Sermon on Acts 2:1-21 offered to the people of the Church of the Redeemer in Bryn Mawr, Pennsylvania.
In July of 1997, Bloomsbury, the British publishing house, released a new young adult novel. The previously unknown author was a single mom from Scotland who wrote the manuscript on a typewriter in a coffee shop while her baby slept in a nearby stroller. That little novel and its protagonist eventually became an international sensation. Harry Potter and the Philosopher’s Stone and its six sequels have been translated into 67 languages, inspired eight blockbuster movies, and made J.K. Rowling, that single mom, a billionaire.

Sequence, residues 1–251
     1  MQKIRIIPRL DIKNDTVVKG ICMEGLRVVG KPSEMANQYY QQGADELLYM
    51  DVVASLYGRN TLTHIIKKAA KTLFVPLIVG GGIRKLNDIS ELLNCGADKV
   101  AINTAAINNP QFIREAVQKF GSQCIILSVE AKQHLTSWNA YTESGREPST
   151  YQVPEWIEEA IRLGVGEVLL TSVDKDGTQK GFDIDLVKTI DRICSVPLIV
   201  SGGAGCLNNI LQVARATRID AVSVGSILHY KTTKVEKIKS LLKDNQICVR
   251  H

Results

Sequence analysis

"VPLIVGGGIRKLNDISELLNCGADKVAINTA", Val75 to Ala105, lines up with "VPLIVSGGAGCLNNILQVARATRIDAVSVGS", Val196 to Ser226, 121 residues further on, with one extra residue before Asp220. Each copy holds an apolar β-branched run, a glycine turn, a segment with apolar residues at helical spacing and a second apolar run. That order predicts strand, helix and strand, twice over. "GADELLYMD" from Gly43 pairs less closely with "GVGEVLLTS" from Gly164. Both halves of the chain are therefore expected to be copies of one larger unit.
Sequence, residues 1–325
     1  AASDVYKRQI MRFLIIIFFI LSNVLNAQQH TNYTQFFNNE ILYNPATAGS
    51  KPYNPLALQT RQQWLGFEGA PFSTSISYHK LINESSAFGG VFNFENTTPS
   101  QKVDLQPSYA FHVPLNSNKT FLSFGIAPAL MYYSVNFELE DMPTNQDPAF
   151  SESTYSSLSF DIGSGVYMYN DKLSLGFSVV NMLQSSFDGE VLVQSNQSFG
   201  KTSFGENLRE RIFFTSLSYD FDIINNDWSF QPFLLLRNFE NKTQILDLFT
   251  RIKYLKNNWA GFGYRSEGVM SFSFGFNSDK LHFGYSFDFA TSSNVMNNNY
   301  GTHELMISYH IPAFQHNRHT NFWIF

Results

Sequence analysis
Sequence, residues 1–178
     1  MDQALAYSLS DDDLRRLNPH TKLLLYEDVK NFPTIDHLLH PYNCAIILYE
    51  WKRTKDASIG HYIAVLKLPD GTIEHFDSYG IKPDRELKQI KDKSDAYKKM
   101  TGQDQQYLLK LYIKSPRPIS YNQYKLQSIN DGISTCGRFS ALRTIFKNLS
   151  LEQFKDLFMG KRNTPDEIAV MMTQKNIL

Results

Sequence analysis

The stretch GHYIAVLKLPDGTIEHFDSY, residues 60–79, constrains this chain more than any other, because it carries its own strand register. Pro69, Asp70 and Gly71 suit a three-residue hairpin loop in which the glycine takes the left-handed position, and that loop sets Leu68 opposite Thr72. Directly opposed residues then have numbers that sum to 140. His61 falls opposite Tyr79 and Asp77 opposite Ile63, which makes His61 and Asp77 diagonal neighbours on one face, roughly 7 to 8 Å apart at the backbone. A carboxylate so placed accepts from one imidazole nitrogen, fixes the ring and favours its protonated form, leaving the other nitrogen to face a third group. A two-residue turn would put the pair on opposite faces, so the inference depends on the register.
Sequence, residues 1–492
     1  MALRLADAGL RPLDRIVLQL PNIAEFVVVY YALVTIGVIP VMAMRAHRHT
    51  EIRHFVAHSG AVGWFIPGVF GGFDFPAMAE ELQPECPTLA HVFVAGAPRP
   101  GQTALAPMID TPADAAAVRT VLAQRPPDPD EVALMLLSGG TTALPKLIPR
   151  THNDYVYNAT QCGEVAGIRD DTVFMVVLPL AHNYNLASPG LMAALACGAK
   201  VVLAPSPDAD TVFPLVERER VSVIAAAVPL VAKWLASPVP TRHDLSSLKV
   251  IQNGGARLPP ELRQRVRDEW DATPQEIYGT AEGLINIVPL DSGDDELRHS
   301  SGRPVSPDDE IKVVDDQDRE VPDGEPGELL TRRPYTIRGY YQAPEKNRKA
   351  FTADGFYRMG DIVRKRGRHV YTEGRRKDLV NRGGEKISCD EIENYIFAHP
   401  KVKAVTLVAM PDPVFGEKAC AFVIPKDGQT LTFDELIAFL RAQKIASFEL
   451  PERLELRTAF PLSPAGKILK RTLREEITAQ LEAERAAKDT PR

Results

Despite its immense popularity, the Harry Potter series is not terribly groundbreaking. It is essentially an incarnation of the archetypal hero’s journey: Harry Potter is a young orphan who lives with relatives who, predictably, mistreat him in the most cartoonish way imaginable. On his eleventh birthday, Harry discovers that he is, in fact, a wizard when he receives an invitation to attend the Hogwarts School of Witchcraft and Wizardry. There he learns that his parents, who were also wizards, did not die in a car accident as he was told, but were killed by a powerful dark wizard named Voldemort. As you can probably guess, the series builds to a final showdown between Harry and Voldemort, the results of which I will not spoil for you this morning. Part of the reason that the Harry Potter series was so compelling is that it matured with its audience. The first books were definitely geared toward younger readers. They spent much of their energy describing the wizarding world, exploring what daily life would look like if magic were part of the routine. To be honest, it wasn’t all that interesting. The students at Hogwarts learn how to transform mice into water goblets and make household objects float through the air with their wands. Neither of these magical skills seem particularly useful. As the series continues, however, the magic fades into the background as the characters begin to wrestle with life and death questions. In the later Harry Potter books, in fact, the villains rely on magic far more than the heroes. Ultimately, magic is not the point of the Harry Potter series; it is instead the means by which the characters tell their stories.